Frequently Asked Questions
What is a Grand Jury?
The grand jury serves a very special function in Florida’s criminal courts. The only charge a State Attorney cannot file based on his or her constitutional authority is first degree murder. All first degree murder cases must be presented to a grand jury. In this section you will read an overview of what the grand jury is as well as certain functions of the grand jury. Additionally, you will find investigative reports and indictments by the grand jury.
A grand jury is an investigating, reporting, and accusing agency of the circuit court (or of the Florida Supreme Court in the case of the statewide grand jury). It consists of citizens of a specified number who have been summoned and empaneled by a judge of the circuit court (or by a judge appointed by the Florida Supreme Court, in the case of the statewide grand jury). The grand jury is an agency and an arm of the circuit court (or the Florida Supreme Court in the case of the statewide grand jury) and is uniquely independent.
The grand jury is answerable to no person or agency of government except the court that empanels it and, even then, only to the extent that it may exceed its authority and privileges.
Is The Grand Jury an accusing and investigating body?
Our constitution provides that no person shall be brought to trial for a capital crime except upon indictment of a grand jury. This means that no one may be prosecuted for a capital crime except by a vote of the grand jury. Except for capital crimes, the state attorney (or the statewide prosecutor) may initiate all other criminal charges. The grand jury of course may indict for any crime that the evidence justifies.
The wisdom of leaving to the state attorney the bringing of charges as to crimes less than capital crimes and traffic violations is readily apparent. If the grand jury was required to initiate the prosecution of less serious crimes through indictment, the grand jury would be so overwhelmed with complaints that it could not perform its more important duties.
Who are Grand Jurors?
Grand jurors are United States citizens and legal residents of this state and their respective counties who are at least 18 years of age and who possess a driver's license or identification card issued by the Department of Highway Safety and Motor Vehicles, or who execute an affidavit indicating a desire to serve as a juror.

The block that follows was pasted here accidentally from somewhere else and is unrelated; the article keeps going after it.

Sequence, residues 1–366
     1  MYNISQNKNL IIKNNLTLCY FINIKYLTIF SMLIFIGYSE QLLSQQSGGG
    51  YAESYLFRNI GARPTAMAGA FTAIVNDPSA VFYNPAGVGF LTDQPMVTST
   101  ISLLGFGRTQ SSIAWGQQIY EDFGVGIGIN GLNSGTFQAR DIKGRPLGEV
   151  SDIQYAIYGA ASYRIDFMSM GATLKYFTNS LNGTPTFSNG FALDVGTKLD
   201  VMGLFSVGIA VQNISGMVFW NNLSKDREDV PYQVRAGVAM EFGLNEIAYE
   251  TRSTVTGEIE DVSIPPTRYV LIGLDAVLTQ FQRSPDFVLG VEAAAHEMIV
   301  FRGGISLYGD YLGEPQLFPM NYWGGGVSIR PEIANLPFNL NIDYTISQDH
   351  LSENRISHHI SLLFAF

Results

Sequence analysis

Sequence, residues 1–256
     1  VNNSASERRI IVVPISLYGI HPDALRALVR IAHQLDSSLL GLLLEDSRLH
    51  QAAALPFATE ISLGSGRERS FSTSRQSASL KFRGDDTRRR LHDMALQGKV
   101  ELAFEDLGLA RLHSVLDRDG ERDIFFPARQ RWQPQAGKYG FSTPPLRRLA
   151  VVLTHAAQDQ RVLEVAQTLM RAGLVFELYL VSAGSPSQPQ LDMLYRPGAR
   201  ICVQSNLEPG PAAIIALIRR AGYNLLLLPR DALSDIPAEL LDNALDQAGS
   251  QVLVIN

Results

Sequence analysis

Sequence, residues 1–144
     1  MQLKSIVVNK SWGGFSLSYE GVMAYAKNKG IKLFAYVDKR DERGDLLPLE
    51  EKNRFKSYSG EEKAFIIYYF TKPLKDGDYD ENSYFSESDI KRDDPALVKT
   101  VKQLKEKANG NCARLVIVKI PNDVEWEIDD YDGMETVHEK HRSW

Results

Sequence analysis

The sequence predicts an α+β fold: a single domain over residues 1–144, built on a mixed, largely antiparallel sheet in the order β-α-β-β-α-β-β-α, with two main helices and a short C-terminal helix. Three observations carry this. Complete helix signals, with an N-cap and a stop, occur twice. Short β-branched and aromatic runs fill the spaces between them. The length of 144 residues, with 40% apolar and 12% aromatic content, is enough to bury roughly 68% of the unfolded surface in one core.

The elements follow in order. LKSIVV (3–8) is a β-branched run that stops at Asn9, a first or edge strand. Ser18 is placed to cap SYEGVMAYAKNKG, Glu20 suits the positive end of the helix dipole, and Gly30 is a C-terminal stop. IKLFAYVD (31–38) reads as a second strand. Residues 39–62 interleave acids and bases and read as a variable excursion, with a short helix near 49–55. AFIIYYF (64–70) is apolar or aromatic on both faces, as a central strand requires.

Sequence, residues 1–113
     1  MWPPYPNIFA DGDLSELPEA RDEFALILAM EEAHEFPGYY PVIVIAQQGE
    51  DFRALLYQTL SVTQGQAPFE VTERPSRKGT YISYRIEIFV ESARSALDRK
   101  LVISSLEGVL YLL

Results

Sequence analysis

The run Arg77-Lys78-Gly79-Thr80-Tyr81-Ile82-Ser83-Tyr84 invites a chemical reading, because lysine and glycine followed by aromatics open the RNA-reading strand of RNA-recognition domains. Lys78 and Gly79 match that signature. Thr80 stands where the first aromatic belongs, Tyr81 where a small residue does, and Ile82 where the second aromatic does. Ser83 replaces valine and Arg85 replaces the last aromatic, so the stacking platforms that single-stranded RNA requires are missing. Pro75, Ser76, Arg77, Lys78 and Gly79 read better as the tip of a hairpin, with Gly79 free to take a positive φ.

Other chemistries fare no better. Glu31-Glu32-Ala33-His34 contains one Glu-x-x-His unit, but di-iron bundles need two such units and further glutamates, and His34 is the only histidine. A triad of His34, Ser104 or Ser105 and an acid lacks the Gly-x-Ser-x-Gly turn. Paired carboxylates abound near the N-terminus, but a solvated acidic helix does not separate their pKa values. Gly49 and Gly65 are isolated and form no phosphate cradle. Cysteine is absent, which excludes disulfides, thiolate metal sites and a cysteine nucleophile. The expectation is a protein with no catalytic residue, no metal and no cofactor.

All jurors are selected at random and their names are taken from lists prepared by the clerk of the circuit court.
The process of selecting jurors is done in most counties by the county commissioners and in some counties by a specially constituted jury commission.
When making up the jury list, the officers compiling it are required to select only citizens they believe to be law abiding, and of proven integrity, good character, sound judgment and intelligence, and who are not mentally infirm.
What is the State Attorney's Role with the Grand Jury?
The State Attorney serves as legal advisor to the Grand Jury.
The court in its charge to the grand jury outlined the part that the state attorney will play in assisting the grand jury. The State Attorney will assume responsibility for presenting witnesses and bringing testimony before the grand jury. The State Attorney is a public official and is entitled to the confidence and cooperation of the grand jury.
It occurs sometimes, however, that even the best of advisors may be in error. If a difference of opinion arises between the state attorney and the grand jury and it cannot be resolved amicably, the matter should be brought before the presiding judge for a ruling.
What is the Difference Between a Grand Jury and a Petit Jury?
There are two kind of juries: Grand Juries and Petit Juries.
The Grand Jury consists of not fewer than 15 nor more than 21 (or 18 for statewide grand jury) members. A petit jury, depending upon the type of trial, consists of either 6 or twelve (12) members.
The Grand Jury and the Petit Jury have entirely different purposes and functions. A Petit Jury actually tries a case and renders a verdict of guilty or not guilty after hearing both sides. A grand jury does not try a case on the issue of guilt or innocence. The grand jury rarely hears both sides. Its function is simply to hear witnesses as to a charge of crime, by the state, and to determine whether the person, or persons, so charged should be brought to trial. The grand jury has jurisdiction have been set forth for you by the court in its instructions.
It is important to keep in mind that no individual should be unjustly criticized or held up to scorn or public resentment, particularly when it is remembered that the individuals who may be criticized had no opportunity to defend themselves or give reply to the charges. A Grand Juror must keep in mind that the grand jury is the ultimate instrument of justice and should never be subverted to become the vehicle for harassment or oppression.
What is the Term of the Grand Jury?
At least two terms of court are held each year and once the grand jury is empaneled, it will serve for the balance of the term of court. In exceptional cases, its term may be extended. (The statewide grand jury's term is for a period of 12 months, but may be extended for up to 18 months.) The grand jury will not be in continuous session but will be called in from time to time as necessary.